Deepening the subject matter outside of school, maybe also promoting team spirit and all that in beautiful nature, not far from Berlin: This is how a school class from the capital imagined a planned math camp in southern Brandenburg, which has now turned into a nightmare. Because of racist insults, the students prematurely canceled their trip to a holiday resort, the police said on Monday. The state security determined because of sedition and threat. The institution concerned and the municipality condemned the incident, the Berlin education administration promised help. The East Commissioner Carsten Schneider (SPD) called for clarification and consequences. Previously, the "B.Z." reported about the incident.
Tenth-grade students at the Lina-Morgenstern-Gemeinschaftsschule in Berlin-Kreuzberg had rented a math camp with teachers at a holiday facility in Heidesee (Dahme-Spreewald). Also staying with them was a group from the region celebrating someone's 18th birthday. The young people were obviously bothered by the other guests from Berlin, some of whom were obviously of Muslim faith and wore headscarves.
According to the police, the school class from this group was racially abused and threatened on the night of Sunday. Officials said they were able to prevent a physical altercation. According to the Berlin education administration, the young people were drunk and some masked.
After the racist insults, state security is now investigating the crime. It is about the accusation of hate speech and threat. The identities of 28 people had been determined, said a police spokeswoman for the dpa on Monday. It is still unclear whether all of them are suspects. Questioning the students about what happened will take some time. Police officers had already questioned the first witnesses during the night.
After the incident, the class drove back to Berlin early on Sunday, and some parents picked up their children on site. A spokesman for the education administration spoke of an isolated case, there was no accumulation of such events. He is not aware of any other recent case, the spokesman said.
According to the Turkish Federation in Berlin-Brandenburg, such cases are nothing new. "We get something like that more often," said spokeswoman Ayse Demir. Racism has increased in all areas of society, said the spokeswoman, including public transport, for example. However, it makes her particularly sad when children and young people are affected by hostilities of this kind. In this context, Demir called for a broader sensitization on the part of politicians.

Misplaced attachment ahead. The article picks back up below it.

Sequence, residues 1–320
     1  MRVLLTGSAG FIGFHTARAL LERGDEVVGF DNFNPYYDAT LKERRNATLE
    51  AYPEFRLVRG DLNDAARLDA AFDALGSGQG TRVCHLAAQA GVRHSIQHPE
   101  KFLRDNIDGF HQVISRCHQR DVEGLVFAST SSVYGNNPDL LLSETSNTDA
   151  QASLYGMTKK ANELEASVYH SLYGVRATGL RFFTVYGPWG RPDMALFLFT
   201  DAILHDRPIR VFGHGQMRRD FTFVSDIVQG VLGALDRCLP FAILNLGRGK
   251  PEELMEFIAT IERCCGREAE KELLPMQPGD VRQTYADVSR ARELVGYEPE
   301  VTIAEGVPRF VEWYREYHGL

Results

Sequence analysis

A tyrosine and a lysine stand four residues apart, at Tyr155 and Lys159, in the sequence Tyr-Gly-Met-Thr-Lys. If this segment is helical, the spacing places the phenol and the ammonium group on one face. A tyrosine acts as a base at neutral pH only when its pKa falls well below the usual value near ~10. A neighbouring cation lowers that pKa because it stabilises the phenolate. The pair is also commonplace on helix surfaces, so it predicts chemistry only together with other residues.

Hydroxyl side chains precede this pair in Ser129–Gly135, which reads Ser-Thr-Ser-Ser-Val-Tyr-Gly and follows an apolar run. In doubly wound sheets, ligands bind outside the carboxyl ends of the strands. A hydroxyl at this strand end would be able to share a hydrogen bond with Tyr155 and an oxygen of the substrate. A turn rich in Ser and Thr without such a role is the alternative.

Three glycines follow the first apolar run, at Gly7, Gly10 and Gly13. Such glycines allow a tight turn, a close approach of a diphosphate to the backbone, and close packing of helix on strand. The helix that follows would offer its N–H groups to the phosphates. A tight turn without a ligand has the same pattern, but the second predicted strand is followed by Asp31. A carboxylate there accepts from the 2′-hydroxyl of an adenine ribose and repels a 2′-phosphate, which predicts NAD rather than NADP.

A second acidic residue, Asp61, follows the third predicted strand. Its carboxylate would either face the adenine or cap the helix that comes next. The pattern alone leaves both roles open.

Berlin's education senator Katharina Günther-Wünsch promised quick help to the young people in Berlin. "Today we will be offering the school students and their parents appointments for psychological processing of what happened." The crisis and intervention team of the school psychology and inclusion educational advice and support centers was informed immediately, according to the CDU politician.
The facility in Heidesee is a former GDR children's holiday camp and is still operated as a children's and youth facility. It offers, among other things, class and day care center trips, club trips with children and young people as well as families. The manager of the resort, Nora Runneck, was dismayed. "We strongly condemn any form of xenophobia and racism." In her five years as an employee, there had never been such an incident.
Mayor Björn Langner (independent) said: "We will work to ensure that racist and discriminatory behavior has no place in our community and that everyone, regardless of origin, religion and skin color, is welcome." Brandenburg's Interior Minister Michael Stübgen (CDU) called the incident "unacceptable".
The designated Brandenburg Minister of Education, State Secretary Steffen Freiberg, was "shaken". "Racist attacks - including verbal ones - are not to be tolerated, I will counter them resolutely." According to Freiberg, he is counting on the police to identify the perpetrators promptly and the judiciary to examine the criminal consequences.
The Federal Government Commissioner for the East, Carsten Schneider (SPD), called for clarification and consequences for the young people involved. "Creating a climate of openness is the common task of all of us," he told the editorial network Germany (RND). Parental support is also needed. If this does not succeed, there is a risk of a division in society.
Norman Heise, chairman of the State Parents' Committee in Berlin, expressed respect for teachers and students who "reacted calmly and calmly to the racist insults." The departure of the class had "prevented worse".